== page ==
He discovered that disease-spreading bacteria thrive in water above 16.5 Centigrade (61.7 Fahrenheit), a temperature turbot can tolerate but is too cold for other ocean fish like bass or bream, which he once raised but abandoned. The fish grow more slowly in cool water but are free of disease, and Bout says he has not used medication for eight years. He also found that with cleaner the water the fish ate less, but grew faster.

"Don't ask me why," he shrugged in an interview at Seafarm, his installation above the Oosterschelde estuary in southern Netherlands. "I'm a technician, not a biologist. I look for solutions."

His next project is raising sole, finding a profitable formula. "You can think about sustainability. But you have to make money," he says.

Bout "is exceptional ... an innovative thinker," says Margreet van Vilsteren of the North Sea Foundation, which assesses the ecological impact of fish farms around the world. "The last step, I think, that has to be taken is to control the food that is given to the fish."

Turbots, sold more commonly in restaurants than for home consumption, are flat, bottom-hugging saltwater fish that, when not feeding or agitated, lie still, clustered on top of each other, stirring only occasionally.

His system does not work for other kinds of salt water fish in tanks, which require warmer water to grow. Nor can it be used for salmon, the most popular farmed marine animal, and other fish like cod which are raised in open net systems in the sea.

But new methods are continually being developed. The salmon industry in particular "got a lot of things wrong. In recent years there has been a significant improvement," said Dawn Purchase, of the British-based Marine Conservation Society.

Not long ago, salmon were raised in densely packed cages and heavily medicated. Now, vaccines administered individually to young fish have cut the need for antibiotics by 90 percent, said Purchase, who monitors salmon farms in Scotland.

Producers also have learned that reducing the density in the nets lowers stress. "Stress affects the taste and quality of the flesh. It releases stress hormones," she said.

But rather than ease the pressure on fishing, the need has grown for wild caught fish to feed carnivorous high-value animals like salmon, bass and turbot. Even mixing soy and other cereals into the feed, it takes 1.1 kilograms (2.4 pounds) of ocean fish — mainly small anchoveta — for each kilogram (2.2 pounds) of salmon. Eventually, even this abundantly available fish will become scarce unless the laws of sustainability are applied.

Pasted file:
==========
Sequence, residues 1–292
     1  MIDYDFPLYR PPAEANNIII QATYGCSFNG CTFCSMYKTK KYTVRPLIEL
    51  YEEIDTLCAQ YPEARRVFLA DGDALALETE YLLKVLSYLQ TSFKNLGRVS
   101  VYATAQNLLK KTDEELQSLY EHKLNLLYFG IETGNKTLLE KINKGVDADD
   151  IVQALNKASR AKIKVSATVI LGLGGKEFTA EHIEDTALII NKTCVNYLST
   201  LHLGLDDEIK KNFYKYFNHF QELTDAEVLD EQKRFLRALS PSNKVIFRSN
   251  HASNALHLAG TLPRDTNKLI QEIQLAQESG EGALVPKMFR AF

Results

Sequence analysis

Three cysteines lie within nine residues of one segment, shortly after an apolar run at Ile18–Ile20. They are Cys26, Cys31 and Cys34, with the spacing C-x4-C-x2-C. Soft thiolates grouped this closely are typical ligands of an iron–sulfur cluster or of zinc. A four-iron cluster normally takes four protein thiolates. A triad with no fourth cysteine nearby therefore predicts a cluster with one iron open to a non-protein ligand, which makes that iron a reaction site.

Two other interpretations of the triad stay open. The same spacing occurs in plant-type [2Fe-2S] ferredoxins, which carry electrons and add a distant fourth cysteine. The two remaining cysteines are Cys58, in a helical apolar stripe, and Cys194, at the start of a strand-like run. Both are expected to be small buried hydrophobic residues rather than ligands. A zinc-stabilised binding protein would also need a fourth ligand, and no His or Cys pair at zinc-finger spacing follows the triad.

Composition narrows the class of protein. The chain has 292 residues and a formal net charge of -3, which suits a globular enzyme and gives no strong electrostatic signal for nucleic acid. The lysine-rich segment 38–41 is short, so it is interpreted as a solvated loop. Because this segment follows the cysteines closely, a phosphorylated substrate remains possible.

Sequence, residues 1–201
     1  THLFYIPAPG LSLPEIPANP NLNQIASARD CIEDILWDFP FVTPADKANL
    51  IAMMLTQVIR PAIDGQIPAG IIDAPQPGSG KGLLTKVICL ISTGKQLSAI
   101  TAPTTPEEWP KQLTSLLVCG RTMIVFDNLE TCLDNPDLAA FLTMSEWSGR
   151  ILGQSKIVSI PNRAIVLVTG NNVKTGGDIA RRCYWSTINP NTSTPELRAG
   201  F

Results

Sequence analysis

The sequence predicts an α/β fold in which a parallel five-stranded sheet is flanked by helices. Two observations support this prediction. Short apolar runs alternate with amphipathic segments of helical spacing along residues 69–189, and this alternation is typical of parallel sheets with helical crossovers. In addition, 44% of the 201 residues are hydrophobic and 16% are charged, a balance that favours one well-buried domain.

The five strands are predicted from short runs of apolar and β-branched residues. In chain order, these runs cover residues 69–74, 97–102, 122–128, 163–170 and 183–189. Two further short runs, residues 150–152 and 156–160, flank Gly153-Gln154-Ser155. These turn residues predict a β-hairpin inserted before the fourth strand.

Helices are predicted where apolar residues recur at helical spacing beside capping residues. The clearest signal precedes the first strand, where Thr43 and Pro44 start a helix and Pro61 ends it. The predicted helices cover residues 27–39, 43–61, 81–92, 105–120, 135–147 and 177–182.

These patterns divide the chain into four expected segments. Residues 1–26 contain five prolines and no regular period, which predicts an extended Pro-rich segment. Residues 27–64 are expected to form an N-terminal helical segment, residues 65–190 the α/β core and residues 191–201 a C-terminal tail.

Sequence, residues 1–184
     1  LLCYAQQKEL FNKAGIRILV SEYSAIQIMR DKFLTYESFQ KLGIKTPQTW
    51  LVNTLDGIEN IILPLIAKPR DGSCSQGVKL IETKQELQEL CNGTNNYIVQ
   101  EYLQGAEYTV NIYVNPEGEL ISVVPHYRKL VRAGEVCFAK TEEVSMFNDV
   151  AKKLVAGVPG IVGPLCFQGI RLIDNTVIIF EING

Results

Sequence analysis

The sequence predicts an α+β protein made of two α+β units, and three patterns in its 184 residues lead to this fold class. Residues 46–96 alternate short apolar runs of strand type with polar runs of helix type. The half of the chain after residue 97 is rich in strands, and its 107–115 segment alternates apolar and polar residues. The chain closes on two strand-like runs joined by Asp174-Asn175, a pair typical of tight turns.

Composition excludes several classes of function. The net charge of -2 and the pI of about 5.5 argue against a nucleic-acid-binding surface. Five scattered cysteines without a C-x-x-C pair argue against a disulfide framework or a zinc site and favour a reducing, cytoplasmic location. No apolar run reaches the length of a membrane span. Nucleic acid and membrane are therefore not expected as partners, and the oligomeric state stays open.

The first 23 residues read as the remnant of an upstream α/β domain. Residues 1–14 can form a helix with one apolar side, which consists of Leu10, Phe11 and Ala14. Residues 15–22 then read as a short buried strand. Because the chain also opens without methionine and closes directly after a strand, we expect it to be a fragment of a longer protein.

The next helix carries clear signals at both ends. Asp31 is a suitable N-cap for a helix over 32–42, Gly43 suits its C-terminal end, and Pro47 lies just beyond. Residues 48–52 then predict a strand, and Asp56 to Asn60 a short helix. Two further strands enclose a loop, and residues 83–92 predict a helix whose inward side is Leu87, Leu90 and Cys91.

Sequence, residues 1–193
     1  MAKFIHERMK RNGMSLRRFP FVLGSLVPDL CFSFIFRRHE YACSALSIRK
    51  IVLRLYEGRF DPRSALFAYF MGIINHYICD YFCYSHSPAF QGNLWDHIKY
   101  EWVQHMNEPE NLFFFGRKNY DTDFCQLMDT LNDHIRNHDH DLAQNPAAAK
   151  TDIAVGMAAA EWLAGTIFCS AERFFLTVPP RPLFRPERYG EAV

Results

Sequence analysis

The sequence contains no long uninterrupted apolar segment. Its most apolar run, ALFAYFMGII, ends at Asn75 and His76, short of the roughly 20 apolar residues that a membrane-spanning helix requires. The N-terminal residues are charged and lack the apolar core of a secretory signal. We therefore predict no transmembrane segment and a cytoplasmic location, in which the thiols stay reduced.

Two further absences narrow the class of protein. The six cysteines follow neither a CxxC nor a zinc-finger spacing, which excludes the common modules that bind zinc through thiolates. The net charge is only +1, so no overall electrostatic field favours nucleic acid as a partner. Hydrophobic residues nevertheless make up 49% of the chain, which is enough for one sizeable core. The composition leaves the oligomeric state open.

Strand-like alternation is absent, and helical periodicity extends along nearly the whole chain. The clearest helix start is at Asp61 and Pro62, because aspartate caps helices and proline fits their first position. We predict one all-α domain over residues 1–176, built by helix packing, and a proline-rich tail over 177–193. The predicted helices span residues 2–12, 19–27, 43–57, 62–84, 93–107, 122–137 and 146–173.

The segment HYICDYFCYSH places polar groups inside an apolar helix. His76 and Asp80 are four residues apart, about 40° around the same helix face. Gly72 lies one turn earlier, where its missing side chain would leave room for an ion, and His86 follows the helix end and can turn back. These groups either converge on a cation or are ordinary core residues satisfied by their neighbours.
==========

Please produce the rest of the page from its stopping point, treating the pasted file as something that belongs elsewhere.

More than a quarter of all fish caught in 2008, topping 27 million tons, was used for nonfood products, mainly for fish meal or fish oil to feed farmed animals, the FAO said. Some of it goes to barnyard animals, like cattle and pigs, because it is still cheap.

It's wrong to see aquaculture as the solution to overfishing, says Farah Obaidullah, an oceans campaigner for the environmental group Greenpeace. "We have serious concerns with the current way that aquaculture is developing."

Fish are still being overmedicated, and not enough is being done to find alternative feed, she said.

Even if growers are aware of environmental concerns, they are often ignored for the sake of profit. "We're talking about short-term gains. There is a huge demand out there for seafood products, and there's money to be made."

Environmentalists agree that feeding farmed fish remains the industry's most serious problem.

"No sustainable source (of food) exists yet," said Van Vilsteren, the North Sea Foundation analyst. But she hoped that within five years researchers will develop a plant-based food to supplement, if not replace, caught fish.

Purchase, speaking by phone from Scotland, said another key was to stop wasting food.

"When we're chewing up fish to make fillets or fish fingers, let's make sure that all those trimmings are actually going in to make fish food."